Disadvantaged group members are prouder of their group when using the language of the dominant group compared to their native language

Siwar Hasan-Aslih*, Orly Idan, Robb Willer, Eran Halperin

*Corresponding author for this work

Research output: Contribution to journalArticlepeer-review


In ethnically and linguistically diverse societies, disadvantaged groups often face pressures to acquire and speak the advantaged group’s language to achieve social inclusion and economic mobility. This work investigates how using the advantaged group’s language affects disadvantaged group members’ in-group pride and collective self-esteem, relative to using their native language. Across six experimental studies involving Palestinian citizens of Israel (total N = 1,348), we test two competing hypotheses: Disadvantaged group members may experience greater in-group pride when using a) their native language, due to its emotional significance (the nativity hypothesis), or b) the language of the advantaged group, due to activation of habituated compensatory responses to dominance relations (the identity enhancement hypothesis). We found that respondents reported significantly higher in-group pride when responding to a Hebrew survey when compared to performing the same activity in Arabic (Studies 1a and 1b), regardless of whether the researchers administering the survey were identified as Jewish or Arab (Studies 2a and 2b). Study 3 replicated this effect while employing the “bogus pipeline” technique, suggesting the pride expression was authentic, not merely driven by social desirability. Finally, Study 4 (pre-registered) examined additional measures of positive regard for the in-group, finding that participants described their group more positively in an attribute selection task, and reported greater collective self-esteem, when surveyed in Hebrew, rather than in Arabic. Taken together, these findings suggest that language use influences disadvantaged group members’ perceptions and feelings concerning their group when those languages are associated with relative position in an intergroup hierarchy.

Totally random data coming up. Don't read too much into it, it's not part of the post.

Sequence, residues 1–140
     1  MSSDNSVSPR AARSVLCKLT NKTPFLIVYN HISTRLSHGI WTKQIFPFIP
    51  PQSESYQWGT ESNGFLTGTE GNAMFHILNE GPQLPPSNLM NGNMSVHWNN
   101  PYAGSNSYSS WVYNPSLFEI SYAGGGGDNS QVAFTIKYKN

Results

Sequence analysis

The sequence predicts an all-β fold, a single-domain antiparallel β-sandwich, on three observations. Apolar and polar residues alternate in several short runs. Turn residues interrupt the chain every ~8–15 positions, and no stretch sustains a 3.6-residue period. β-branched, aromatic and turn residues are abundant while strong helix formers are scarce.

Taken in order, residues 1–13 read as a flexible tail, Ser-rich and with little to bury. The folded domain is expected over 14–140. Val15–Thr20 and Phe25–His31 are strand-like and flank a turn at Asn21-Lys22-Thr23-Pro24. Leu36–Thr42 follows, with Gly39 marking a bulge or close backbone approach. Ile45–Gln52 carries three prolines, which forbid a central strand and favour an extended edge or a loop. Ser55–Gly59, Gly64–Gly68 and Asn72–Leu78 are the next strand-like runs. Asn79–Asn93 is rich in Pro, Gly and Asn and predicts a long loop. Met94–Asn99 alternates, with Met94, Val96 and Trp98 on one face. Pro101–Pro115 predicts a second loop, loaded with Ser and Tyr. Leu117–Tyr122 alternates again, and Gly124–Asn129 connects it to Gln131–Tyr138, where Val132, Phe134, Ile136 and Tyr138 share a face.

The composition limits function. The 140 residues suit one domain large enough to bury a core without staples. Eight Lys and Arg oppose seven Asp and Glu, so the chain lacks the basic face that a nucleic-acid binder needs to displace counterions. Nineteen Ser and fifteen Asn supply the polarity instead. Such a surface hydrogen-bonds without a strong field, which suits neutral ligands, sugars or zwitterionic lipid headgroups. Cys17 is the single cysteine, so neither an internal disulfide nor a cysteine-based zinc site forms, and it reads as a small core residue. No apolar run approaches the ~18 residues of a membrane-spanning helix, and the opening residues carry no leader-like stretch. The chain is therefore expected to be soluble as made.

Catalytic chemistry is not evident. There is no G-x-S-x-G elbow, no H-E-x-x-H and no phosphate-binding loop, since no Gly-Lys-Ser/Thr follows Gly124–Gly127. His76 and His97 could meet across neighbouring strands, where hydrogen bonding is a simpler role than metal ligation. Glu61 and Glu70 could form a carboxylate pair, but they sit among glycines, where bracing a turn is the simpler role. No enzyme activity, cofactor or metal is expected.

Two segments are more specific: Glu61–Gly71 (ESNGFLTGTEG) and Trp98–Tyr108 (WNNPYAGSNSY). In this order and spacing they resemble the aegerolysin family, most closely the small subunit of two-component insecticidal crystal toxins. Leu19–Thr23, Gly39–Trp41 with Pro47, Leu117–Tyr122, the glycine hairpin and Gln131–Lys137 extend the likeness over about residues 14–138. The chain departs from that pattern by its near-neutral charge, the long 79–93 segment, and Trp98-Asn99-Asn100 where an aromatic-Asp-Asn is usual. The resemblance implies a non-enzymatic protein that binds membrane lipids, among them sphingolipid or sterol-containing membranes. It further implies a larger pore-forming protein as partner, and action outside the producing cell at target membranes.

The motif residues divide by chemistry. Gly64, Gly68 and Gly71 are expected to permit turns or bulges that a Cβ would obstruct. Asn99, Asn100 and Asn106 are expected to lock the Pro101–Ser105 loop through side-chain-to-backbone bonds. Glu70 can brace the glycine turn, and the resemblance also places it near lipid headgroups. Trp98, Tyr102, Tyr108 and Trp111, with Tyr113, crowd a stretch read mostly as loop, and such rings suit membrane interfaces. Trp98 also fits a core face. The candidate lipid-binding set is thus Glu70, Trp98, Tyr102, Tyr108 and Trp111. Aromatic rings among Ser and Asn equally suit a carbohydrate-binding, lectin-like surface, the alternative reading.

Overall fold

Original languageAmerican English
Article numbere2307736120
JournalProceedings of the National Academy of Sciences of the United States of America
Issue number1
StatePublished - 2024

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  • bilingualism
  • emotion
  • minority
  • pride
  • social identity


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